About every five years or so, Australia turns out a movie that feels made by cutting open the country’s veins and bleeding out something so pure, honest, and harsh that Australia itself, its land and spirit unlike any other in the world, is literally splashed across the big screen. Think Picnic at Hanging Rock, The Man From Snowy River, and, more recently, Rabbit-Proof Fence. The Proposition makes these all look sort of tame in comparison and, in the process, offers up the freshest take on the western since Unforgiven.
Set during the 1880s waning years of the bushranger—the Aussie outback outlaw—The Proposition is a blood-soaked, filthy, utterly elegant tale of loyalty, family, nature, and morality. It opens with brothers Charlie (Guy Pearce) and Mikey Burns (Richard Wilson) trapped in an aluminum-roofed brothel as a hail of police bullets turn the crudely made building into Swiss cheese. Charlie and Mikey soon find themselves facing Captain Stanley (the amazing Ray Winstone), who insists, “I will civilize this land.”
“This land” is a dust bowl filled with nothing except beautiful rock formations and even more beautiful sunsets. The men and women occupying it are grizzled, hard-edged, and violent—none so much so as the third Burns brother, Arthur (Danny Huston). Stanley calls Arthur an abomination and—despite the fact that Charlie and Mikey helped Arthur slaughter a family, even raping the pregnant mother—makes Charlie a proposition: kill Arthur in nine days, or the simple-minded Mikey will dangle from the gallows.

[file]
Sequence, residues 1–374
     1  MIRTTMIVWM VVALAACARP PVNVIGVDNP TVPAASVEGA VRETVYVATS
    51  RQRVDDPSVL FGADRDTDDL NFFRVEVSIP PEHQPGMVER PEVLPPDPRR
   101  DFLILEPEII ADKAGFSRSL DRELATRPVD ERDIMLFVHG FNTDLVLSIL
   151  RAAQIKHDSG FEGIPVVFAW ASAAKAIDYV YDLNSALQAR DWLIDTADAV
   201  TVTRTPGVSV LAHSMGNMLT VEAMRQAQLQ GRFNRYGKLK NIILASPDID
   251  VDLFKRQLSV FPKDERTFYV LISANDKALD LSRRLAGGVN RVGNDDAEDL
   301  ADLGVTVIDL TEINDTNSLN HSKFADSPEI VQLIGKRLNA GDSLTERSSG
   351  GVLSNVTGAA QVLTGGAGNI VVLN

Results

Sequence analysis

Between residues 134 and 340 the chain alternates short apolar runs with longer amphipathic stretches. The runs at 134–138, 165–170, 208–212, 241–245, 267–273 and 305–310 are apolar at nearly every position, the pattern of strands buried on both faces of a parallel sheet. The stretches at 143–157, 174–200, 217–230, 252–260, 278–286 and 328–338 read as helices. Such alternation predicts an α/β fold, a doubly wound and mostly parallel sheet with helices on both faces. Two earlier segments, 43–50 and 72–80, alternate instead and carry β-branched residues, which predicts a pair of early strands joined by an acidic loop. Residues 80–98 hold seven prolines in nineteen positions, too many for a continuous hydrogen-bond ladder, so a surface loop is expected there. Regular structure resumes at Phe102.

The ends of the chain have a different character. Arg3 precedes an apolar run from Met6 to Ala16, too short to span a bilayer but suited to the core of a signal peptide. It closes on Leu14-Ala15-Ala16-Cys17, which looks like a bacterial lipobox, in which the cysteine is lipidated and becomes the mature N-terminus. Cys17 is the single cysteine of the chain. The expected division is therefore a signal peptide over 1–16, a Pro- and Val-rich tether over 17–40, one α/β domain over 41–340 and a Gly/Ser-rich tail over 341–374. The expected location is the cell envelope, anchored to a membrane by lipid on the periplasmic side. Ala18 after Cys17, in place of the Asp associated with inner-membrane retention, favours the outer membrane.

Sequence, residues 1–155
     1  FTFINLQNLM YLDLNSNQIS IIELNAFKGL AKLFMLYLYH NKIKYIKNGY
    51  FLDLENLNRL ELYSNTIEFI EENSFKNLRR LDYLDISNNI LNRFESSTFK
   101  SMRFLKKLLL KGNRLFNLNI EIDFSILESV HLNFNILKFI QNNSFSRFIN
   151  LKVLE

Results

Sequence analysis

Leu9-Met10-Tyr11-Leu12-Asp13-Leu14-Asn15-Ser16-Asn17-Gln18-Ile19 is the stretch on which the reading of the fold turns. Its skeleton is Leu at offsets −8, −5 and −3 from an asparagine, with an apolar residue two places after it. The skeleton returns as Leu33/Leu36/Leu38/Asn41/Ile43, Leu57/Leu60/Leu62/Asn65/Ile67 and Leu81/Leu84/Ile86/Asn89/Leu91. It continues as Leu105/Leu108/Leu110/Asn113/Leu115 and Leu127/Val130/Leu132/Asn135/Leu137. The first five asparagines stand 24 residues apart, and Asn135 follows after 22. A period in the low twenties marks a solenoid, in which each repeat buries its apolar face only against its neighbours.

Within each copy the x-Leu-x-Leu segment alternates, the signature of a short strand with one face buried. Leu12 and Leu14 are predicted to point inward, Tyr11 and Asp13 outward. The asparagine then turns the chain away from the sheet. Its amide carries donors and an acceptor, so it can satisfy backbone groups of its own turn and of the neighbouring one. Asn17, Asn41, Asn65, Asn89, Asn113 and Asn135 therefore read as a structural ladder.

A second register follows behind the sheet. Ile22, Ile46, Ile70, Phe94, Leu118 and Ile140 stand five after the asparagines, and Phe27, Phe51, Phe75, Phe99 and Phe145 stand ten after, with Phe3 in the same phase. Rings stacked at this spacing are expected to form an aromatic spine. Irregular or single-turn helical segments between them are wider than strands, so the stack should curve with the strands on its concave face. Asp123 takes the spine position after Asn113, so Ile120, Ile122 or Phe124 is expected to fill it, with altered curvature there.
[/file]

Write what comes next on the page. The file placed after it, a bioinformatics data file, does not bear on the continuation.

Written by Australian musician/icon Nick Cave, The Proposition was helmed by sophomore director John Hillcoat, who hasn’t directed a movie since 1988’s Ghosts . . . of the Civil Dead, another Cave script. Hillcoat’s relative inexperience is undetectable here, though. He gracefully nails the poetic dichotomy of Australia’s outback, a red-colored land that has evolved to kill everything in it, smothered beneath the oppressive and equally empty sky. It is a thing of beauty, too, which Arthur understands. In fact, he revels in its grandeur—part of it, in a way. Even the Aborigines who survive here have come to see this homicidal maniac as an atavistic force of nature that lives in caves and can turn into a dog. You see, if Arthur is the embodiment of the Australian outback, then Stanley is the foolish colonist who believes he can tame something Aborigines spent 30,000 years realizing couldn’t be.